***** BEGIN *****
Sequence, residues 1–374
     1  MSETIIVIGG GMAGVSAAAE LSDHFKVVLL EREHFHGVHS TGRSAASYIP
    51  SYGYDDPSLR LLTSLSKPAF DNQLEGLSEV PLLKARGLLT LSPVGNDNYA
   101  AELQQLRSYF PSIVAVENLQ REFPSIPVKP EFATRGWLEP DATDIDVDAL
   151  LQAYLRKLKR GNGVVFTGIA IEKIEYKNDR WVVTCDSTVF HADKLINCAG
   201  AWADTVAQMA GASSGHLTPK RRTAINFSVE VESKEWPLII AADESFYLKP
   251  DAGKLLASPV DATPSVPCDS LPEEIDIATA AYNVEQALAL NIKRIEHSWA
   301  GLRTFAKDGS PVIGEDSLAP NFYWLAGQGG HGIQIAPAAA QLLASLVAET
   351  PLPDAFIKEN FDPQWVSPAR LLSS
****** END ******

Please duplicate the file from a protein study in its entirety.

Sequence, residues 1–374
     1  MSETIIVIGG GMAGVSAAAE LSDHFKVVLL EREHFHGVHS TGRSAASYIP
    51  SYGYDDPSLR LLTSLSKPAF DNQLEGLSEV PLLKARGLLT LSPVGNDNYA
   101  AELQQLRSYF PSIVAVENLQ REFPSIPVKP EFATRGWLEP DATDIDVDAL
   151  LQAYLRKLKR GNGVVFTGIA IEKIEYKNDR WVVTCDSTVF HADKLINCAG
   201  AWADTVAQMA GASSGHLTPK RRTAINFSVE VESKEWPLII AADESFYLKP
   251  DAGKLLASPV DATPSVPCDS LPEEIDIATA AYNVEQALAL NIKRIEHSWA
   301  GLRTFAKDGS PVIGEDSLAP NFYWLAGQGG HGIQIAPAAA QLLASLVAET
   351  PLPDAFIKEN FDPQWVSPAR LLSS